14 April 1995

Dairy profits need more than just good feeding practice

Feeding dairy cows for profit was the focus of a Royal Agricultural College workshop. Sue Rider reports

SUCCESSFUL feeding practice comes a bad fourth in order of priority for most stock.

So said independent consultant and Maize Growers Association chairman Gordon Newman, speaking on dairy cow feeding at the workshop.

First came genetic potential, developed by correct feeding. Second was the stockman, on whose behaviour, enthusiasm and diligence feeding depended. Third came environment, which not only included cow comfort but also feed presentation.

"Without any one of these feed use is impaired and without two profit unachievable," he said.

Careful selection of proven genetics would ensure successful feed use. But herdsmen had to be observant and know their cows as individuals. "Feeding is still more an art than a science, and behaviour and dung much more important than any computer. Dung must be inspected regularly to check what is going on in the cow, but we dont do enough of it." The ability of cows to lie down and cud for 14 hours a day was crucial to top performance as was care in the dry period. "The pattern of lactation is set up according to how the cow is fed when dry," he said.

Food had to be accessible and attractive. "No more mains fencers on self-feed faces." Water should also be freely available.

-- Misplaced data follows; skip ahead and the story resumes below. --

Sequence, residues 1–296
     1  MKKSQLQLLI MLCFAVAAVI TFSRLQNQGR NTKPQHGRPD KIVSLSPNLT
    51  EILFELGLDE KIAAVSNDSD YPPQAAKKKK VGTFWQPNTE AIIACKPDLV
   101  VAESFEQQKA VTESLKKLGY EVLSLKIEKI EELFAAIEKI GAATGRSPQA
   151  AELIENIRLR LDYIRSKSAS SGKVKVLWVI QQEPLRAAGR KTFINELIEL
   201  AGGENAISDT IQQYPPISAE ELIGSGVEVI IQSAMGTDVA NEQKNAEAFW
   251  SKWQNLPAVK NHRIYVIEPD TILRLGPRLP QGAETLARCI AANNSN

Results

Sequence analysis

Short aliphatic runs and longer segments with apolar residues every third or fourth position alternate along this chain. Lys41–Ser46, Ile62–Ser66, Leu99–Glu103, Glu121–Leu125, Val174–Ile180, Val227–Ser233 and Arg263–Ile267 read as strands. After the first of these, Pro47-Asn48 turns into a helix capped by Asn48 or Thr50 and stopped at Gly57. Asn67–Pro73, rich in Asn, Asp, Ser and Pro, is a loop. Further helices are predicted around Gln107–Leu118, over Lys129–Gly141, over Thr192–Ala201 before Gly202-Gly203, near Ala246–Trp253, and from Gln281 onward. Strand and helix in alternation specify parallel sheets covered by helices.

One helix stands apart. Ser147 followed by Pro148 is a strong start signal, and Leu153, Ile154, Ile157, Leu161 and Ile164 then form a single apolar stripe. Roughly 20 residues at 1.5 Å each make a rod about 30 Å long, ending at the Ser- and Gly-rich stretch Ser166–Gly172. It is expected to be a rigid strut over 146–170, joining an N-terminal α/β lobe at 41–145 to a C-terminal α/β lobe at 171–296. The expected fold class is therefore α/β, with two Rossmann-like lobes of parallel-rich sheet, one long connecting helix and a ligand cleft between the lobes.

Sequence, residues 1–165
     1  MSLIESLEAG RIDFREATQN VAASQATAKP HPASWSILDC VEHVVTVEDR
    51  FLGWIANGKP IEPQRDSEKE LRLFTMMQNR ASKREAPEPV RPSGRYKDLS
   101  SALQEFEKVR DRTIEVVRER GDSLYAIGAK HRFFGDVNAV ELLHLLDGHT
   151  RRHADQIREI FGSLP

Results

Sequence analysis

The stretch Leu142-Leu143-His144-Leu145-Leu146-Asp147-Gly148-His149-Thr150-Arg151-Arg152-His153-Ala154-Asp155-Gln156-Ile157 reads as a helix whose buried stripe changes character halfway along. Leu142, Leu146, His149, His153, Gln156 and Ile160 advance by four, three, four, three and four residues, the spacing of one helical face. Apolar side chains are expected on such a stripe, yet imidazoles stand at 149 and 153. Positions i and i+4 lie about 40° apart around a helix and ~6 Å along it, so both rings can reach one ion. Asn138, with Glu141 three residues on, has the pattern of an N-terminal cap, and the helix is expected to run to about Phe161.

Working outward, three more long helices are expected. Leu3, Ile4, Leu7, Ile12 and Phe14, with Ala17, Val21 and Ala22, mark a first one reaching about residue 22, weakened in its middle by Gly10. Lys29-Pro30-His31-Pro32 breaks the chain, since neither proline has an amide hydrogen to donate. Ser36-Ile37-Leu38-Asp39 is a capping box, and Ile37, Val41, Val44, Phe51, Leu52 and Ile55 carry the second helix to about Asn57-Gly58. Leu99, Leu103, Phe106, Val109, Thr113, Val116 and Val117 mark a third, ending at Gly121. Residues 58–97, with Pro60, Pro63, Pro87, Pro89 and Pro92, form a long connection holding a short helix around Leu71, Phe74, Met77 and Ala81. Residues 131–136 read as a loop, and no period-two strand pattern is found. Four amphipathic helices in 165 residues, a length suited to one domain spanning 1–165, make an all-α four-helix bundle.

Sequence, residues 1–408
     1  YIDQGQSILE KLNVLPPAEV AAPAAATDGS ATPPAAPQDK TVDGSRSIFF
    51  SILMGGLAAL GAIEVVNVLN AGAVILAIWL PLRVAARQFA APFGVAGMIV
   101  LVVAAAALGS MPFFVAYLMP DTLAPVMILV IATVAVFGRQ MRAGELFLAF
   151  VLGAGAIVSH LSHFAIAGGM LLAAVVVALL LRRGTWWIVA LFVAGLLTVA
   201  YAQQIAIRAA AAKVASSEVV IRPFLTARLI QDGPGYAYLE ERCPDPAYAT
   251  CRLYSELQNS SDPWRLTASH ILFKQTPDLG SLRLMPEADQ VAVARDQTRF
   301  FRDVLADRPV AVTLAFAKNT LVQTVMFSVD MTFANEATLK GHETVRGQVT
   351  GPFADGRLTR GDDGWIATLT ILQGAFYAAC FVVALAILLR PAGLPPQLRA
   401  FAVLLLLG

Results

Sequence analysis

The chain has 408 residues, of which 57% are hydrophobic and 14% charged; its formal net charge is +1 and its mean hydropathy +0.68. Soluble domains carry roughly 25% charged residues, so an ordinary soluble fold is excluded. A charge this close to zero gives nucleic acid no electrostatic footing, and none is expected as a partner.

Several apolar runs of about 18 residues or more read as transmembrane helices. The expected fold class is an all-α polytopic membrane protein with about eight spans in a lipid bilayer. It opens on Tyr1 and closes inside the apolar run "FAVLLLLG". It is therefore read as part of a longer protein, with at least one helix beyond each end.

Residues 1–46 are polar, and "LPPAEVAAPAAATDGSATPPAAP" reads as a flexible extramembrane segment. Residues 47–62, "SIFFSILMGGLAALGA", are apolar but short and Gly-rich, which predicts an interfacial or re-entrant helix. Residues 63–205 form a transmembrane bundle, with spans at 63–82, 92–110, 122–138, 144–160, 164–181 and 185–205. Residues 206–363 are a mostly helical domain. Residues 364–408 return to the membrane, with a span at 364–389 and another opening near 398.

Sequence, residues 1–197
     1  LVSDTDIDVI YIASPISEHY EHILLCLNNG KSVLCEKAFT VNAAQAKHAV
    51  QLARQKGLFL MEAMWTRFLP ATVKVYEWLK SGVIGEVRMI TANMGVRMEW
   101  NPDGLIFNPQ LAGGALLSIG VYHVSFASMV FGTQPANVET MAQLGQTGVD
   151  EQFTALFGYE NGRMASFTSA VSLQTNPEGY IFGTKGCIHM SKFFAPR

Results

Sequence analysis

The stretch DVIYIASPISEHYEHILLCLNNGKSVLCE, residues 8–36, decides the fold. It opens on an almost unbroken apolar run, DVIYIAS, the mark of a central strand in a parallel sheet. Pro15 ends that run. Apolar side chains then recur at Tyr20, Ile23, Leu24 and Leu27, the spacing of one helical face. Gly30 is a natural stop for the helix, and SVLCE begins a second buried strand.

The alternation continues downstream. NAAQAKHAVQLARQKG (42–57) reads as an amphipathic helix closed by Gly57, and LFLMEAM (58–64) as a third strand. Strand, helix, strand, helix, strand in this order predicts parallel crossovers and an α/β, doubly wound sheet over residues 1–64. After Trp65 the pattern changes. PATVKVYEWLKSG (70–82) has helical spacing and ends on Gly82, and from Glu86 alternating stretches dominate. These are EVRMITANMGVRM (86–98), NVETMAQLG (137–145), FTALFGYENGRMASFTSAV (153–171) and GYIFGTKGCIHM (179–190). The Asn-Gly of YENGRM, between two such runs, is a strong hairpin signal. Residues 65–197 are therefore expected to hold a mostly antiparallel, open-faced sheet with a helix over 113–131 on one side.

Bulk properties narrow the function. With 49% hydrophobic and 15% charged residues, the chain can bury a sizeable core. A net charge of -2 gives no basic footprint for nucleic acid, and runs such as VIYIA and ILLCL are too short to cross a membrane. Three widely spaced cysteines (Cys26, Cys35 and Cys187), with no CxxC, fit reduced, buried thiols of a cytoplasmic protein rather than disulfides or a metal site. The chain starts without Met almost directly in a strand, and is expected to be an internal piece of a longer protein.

As for the diet, Mr Newman urged producers to remember they were "trying to stimulate rumen bacteria into a state of perpetual orgy". That made a regular feeding routine essential. A constant supply of fresh pasture at the right growth stage was one of the hardest things to supply and the skill of the few successful practitioners had to be admired. Paddock grazing gave the best result. "But too many of us are too idle to use electric fences," added Mr Newman.

Mixed forages increased appetite, unless the newly introduced material was inferior to the forage it had to replace. Mr Newman cited a second forage as a common success factor in high yielding herds (see box).

As for concentrates there was little difference between excellent low fibre forage and concentrate used to "top up" a ration.

&#8226 Top genetics.

&#8226 Stockmanship and motivation.

&#8226 Grass silage > 25% DM.

&#8226 Second forage fed.

&#8226 Fat controlled carefully.

&#8226 > 4kg a cow a day cereals.

&#8226 Variety of protein sources.

&#8226 Palatability, freshness, frequency.

&#8226 Degradability controlled.

Gordon Newman: Gird your loins to feed more grain to your cows.